Since , more than universities in the OpenCourseWare movement have been publishing their academic materials openly on the Web and have shared materials from more than 15, courses in a wide range of disciplines and languages. These institutions are well positioned to add online-only courses to their open course work projects. A number of online services already allow free hosting and streaming of instructional videos.
Since the materials are openly licensed, the need for sophisticated access management is obviated, and the materials can thus be made freely available. There are not enough subject matter experts to meet the needs of learners, and education systems worldwide are straining to find enough qualified teachers.
Book Review: MOOC Yourself by Inge de Waard
In some cases where peer-to-peer interactions are not directly supported within an online course, informal learning communities can emerge spontaneously on separate platforms. Peer-to-peer does not necessarily mean all learners are at the same level, however. Many models attempt to harness the knowledge of more advanced learners to support beginners, and offer medals or badges to learners in recognition of their advancement. One of the key areas of exploration is how best to structure online interactions to facilitate interactions between beginner learners and advanced learners.
Peer-to-peer interactions also generate new content to support future learning. Well-curated records of the most frequently asked questions and the best answers to those questions can be mined by new learners. Systems to support peer-to-peer learning on the Web are widely available at very low cost or without charge. Meaningful assessment of learning remains a challenge for MOOCs. That is one reason why most of the very large courses so far have focused on content areas that allow computable exercises.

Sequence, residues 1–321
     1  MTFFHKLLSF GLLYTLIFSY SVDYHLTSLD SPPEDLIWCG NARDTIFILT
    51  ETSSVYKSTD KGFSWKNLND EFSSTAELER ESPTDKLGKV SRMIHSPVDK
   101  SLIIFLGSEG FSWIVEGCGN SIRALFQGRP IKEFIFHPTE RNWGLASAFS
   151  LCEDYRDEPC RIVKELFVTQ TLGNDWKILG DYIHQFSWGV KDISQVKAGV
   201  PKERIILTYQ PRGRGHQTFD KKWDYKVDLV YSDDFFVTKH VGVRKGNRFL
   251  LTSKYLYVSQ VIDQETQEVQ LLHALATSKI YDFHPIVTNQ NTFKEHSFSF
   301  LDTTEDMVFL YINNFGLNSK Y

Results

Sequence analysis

For example, in cases where students are expected to submit software programs, the quality of the work can be automatically evaluated by testing for expected outputs and measuring completion time. Other assessments commonly used in MOOCs are small, multiple-choice quizzes embedded in the video lectures that allow users to test comprehension before moving on to the next lecture. As learning takes place online, data that captures learner activity will increasingly be used as a proxy for learning. Time on site, number of posts, and word counts of responses represent the most basic and earliest of these learning analytics, but over time open education systems will grow more adept at drawing evidence of learning out of the actions learners take in interacting with each other online.
It will likely be a long time before automated quizzes and learning analytics can provide a sophisticated assessment of problem-solving and integrated skillsapplication abilities. Both sophisticated learning analytics approaches, as well as crowd-sourcing of peer-review, show promise but have not been tested on a large scale. In the meantime, some MOOCs are considering including more traditional assessments to supplement learning analytics. These include tests taken though testing services with physical locations around the world or assessments of online portfolios by subject matter experts.
While there are already some efforts underway to bridge the gap between informal learning communities to university credit, it may be a while until standard academic credit for open education learning is the norm—or it may never happen at all. Open education projects are hard at work designing alternative types of recognition.
These badges will be displayable on personal Web pages and will link back to the sites that issued them and to the materials the learners developed in earning the badge. Life as a Post-Phd student: strategies and opportunities. March Kortrijk, Belgium. Dutch slides can be found here, English slides here. CLIL studiedag. Ministry of Education.